Backed by 100 glorious years of experience in steel making, Tata Steel is the worlds 6th largest steel company with an existing annual crude steel production capacity of 30 Million Tones Per Annum (MTPA). Established in 1907, it is the first integrated steel plant in Asia and now the worlds second most geographically diversified producer and fortune 500 company. Tata Steel has a balanced global presence in over 50 developed European and fast growing Asian markets, with manufacturing units in 26 countries. It was the vision of the founder; Jamsetji Nusserwanji Tata., that on 27th February, 1908, the first stake was driven into the soil of Sakchi. His vision helped Tata Steel overcome several periods of adversity and strive to improve against all odds. Tata Steels Jamshedpur (India) Works has a crude steel production capacity of 6.8 MTPA which is slated to increase to 10 MTPA by 2010. The Company also has proposed three Greenfield steel projects in the states of Jharkhand, Orissa and Chhattisgarh in India with additional capacity of 23 MTPA and a Greenfield project in Vietnam. The iron ore mines and collieries in India give the Company a distinct advantage in raw material sourcing. Tata Steel is also striving towards raw materials security through joint ventures in Thailand, Australia, Mozambique, Ivory Coast (West Africa) and Oman. Tata Steel has signed an agreement with Steel Authority of India Limited to establish a 50:50 joint venture company for coal mining in India. Also, Tata Steel has bought 19.9% stake in New Millennium Capital Corporation, Canada for iron ore mining.

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Tata Steels vision is to be the global steel industry benchmark for Value Creation and Corporate Citizenship. Tata Steel India is the first integrated steel company in the world, outside Japan, to be awarded the Deming Application Prize 2008 for excellence in Total Quality Management.

FOUNDER

THEFOUNDER- J.N. TATA (1839-1904)

SIR DORABJI TATA (1839-1933)

J.R.D. TATA (1904-1993)

RATAN TATA
PRESENT CHAIRMAN OF TATA GROUPS.

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VISION
We aspire to be the global steel industry benchmark for Value Creation and Corporate Citizenship. We make the difference through:

Our people, by fostering team work, nurturing talent, enhancing leadership capability and acting with pace, pride and passion. Our offer, by becoming the supplier of choice, delivering premium products and services, and creating value with our customers.

Our innovative approach, by developing leading edge solutions in technology, processes and products.

Our conduct, by providing a safe working place, respecting the environment, caring for our communities and demonstrating high ethical standards.

MISSION
Consistent with the vision and values of the founder Jamsedji Tata, Tata Steel strives to Strengthen Indias industrial base through the effective utilization of staff and materials. The Means envisaged to achieve this are high technology and productivity, consistent with modern management practices .Tata Steel recognizes that while honesty and integrity are the essential ingredients of a strong and stable enterprise, profitability provides the main spark for economic activity. Overall, the Company seeks to scale the heights of excellence in all that it does in an atmosphere free from fear, and thereby reaffirms its faith in democratic value.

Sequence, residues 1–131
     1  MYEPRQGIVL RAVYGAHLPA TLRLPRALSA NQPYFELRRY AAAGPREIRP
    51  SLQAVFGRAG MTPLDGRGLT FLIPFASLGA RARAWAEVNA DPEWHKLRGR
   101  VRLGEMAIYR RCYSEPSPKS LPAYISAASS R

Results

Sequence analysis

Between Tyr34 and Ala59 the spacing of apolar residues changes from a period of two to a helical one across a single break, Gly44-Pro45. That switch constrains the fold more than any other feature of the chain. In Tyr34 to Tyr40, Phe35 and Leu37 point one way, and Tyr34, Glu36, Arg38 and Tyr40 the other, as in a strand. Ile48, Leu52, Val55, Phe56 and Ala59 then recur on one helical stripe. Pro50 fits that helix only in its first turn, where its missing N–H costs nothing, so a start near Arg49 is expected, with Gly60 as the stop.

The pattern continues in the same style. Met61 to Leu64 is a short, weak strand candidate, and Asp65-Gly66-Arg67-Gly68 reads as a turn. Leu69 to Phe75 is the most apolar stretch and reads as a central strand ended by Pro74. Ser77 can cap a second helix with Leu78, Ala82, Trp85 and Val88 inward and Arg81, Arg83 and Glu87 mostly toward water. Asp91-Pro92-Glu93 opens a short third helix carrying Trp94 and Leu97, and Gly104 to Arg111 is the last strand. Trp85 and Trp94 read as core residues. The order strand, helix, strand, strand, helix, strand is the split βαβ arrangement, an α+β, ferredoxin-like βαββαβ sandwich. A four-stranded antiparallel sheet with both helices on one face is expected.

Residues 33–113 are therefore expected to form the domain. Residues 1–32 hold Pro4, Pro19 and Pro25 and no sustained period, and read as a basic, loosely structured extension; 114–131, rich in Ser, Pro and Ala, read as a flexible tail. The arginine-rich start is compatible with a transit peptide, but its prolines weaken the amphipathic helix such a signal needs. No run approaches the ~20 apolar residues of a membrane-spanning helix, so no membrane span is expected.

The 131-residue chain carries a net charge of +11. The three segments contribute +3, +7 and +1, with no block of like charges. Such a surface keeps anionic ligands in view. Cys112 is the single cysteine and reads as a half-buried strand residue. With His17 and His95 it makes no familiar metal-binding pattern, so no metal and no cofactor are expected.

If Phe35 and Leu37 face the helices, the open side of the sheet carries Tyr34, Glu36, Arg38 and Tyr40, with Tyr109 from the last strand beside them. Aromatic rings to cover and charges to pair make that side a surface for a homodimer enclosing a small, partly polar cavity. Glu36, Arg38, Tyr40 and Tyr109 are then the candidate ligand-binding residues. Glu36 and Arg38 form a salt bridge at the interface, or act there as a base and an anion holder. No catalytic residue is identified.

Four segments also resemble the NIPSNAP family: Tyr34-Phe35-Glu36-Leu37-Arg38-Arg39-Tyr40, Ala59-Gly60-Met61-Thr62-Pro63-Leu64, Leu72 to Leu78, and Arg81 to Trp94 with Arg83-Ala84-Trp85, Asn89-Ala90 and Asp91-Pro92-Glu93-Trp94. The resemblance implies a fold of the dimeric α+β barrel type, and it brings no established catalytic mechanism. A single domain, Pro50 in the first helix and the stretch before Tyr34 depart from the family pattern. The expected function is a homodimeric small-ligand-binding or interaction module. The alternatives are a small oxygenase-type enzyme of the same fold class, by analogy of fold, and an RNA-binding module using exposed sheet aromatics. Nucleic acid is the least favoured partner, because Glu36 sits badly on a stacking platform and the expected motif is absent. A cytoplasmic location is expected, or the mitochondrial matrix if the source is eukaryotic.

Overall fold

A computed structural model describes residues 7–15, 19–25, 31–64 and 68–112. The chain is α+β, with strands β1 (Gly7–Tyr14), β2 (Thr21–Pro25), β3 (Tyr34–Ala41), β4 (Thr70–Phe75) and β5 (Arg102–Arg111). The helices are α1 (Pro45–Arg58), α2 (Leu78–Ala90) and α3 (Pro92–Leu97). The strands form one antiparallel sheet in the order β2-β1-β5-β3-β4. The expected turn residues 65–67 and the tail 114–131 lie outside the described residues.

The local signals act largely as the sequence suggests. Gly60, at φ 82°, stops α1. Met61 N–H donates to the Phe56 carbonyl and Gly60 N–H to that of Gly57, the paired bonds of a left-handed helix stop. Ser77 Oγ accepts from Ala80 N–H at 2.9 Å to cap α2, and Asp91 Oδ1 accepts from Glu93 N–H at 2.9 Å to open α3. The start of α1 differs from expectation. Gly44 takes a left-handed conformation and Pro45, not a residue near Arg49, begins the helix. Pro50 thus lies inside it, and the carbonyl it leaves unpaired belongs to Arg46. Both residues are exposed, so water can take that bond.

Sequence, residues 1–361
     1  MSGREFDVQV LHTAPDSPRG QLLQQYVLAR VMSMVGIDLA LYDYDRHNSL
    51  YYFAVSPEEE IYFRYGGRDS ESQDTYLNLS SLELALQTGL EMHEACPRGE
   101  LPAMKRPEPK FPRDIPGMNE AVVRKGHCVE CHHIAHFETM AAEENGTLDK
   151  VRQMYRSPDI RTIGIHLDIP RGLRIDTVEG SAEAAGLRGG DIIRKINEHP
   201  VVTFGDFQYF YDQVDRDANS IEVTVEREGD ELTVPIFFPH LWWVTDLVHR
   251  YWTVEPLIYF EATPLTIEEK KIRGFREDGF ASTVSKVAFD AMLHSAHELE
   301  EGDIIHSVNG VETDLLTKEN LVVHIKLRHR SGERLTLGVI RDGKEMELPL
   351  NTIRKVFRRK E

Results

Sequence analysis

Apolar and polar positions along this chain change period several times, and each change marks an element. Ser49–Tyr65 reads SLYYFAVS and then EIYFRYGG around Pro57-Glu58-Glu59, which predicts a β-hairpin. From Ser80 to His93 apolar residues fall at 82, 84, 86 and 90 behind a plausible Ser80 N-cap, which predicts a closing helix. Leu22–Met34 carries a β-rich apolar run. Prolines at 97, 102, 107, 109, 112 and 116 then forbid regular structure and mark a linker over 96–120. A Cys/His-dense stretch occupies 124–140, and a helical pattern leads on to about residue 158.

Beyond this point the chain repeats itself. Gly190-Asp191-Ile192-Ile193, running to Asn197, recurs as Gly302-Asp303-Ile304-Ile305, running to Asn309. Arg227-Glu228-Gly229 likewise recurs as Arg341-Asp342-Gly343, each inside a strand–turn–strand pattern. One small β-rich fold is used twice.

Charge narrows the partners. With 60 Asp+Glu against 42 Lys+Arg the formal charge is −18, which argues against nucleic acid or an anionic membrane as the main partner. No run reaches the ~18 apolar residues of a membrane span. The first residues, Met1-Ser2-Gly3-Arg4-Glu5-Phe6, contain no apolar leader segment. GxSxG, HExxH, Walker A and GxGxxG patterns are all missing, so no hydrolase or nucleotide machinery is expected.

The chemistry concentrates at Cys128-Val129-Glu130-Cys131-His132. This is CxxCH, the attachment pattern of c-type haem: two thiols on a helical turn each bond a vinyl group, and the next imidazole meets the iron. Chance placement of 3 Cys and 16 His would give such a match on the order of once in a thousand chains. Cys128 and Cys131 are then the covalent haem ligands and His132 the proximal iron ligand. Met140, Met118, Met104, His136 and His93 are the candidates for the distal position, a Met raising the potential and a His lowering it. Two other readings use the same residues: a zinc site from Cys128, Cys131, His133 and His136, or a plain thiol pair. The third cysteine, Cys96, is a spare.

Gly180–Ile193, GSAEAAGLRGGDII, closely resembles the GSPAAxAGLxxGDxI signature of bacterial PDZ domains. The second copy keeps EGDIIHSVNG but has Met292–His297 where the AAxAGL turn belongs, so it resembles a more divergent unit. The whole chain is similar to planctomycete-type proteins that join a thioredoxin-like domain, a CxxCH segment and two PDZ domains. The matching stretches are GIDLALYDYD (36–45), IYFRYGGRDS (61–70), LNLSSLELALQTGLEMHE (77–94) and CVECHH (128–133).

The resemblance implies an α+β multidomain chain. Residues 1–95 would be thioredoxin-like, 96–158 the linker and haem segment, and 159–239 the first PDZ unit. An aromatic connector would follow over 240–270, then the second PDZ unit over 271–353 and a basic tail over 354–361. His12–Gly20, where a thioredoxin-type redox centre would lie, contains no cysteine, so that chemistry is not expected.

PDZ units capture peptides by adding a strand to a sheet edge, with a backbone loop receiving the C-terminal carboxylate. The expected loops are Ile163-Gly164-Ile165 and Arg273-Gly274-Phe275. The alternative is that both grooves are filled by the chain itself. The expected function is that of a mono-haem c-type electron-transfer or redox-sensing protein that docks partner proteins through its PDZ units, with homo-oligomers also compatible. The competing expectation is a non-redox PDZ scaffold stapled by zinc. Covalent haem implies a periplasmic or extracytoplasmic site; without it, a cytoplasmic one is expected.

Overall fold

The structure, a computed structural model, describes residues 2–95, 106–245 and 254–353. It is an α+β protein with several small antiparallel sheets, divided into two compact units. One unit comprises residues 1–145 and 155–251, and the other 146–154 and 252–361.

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BOARD OF DIRECTORS

Mr. R N Tata Mr. James Leng Mr. Nusli N Wadia Mr. S M Palia Mr. Suresh Krishna Mr. Ishaat Hussain Dr Jamshed J Irani Mr. Subodh Bhargava Mr. Jacobus Schraven Dr Anthony Hayward Mr. Andrew Robb Mr. Philippe Varin Mr. B Muthuraman Mr. Kirby Adams Mr. H M Nerurkar

Chairman Non - Executive Deputy Chairman Company Director Company Director Financial Institutions Nominee Board Member Board Member Board Member Non - Executive Independent Director Non - Executive Independent Director Non - Executive Independent Director Non - Executive Independent Director Managing Director Non - Executive Independent Director Executive Director, India and South East Asia Operations

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MANAGEMENT TEAM

Mr. B Muthuraman Mr. H M Nerurkar Mr. A D Baijal Mr. R P Singh Mr. Anand Sen Mr. Varun K Jha Mr. Om Narayan Mr. Partha Sengupta Mr. H Jha Mr. N K Misra Mr. B K Singh Mr. J C Bham

Managing Director Executive Director, India and South East Asia Operations Vice President & Tata Steel Group Director, Global Mineral Resources Vice President, Engineering Services & Projects Vice President, Flat Products & TQM Vice President, Chattisgarh Project Vice President, Shared Services Vice President, Corporate Services Vice President, Safety & Long Products Vice President & Tata Steel Group Head, M&A Vice President, Orissa Project Company Secretary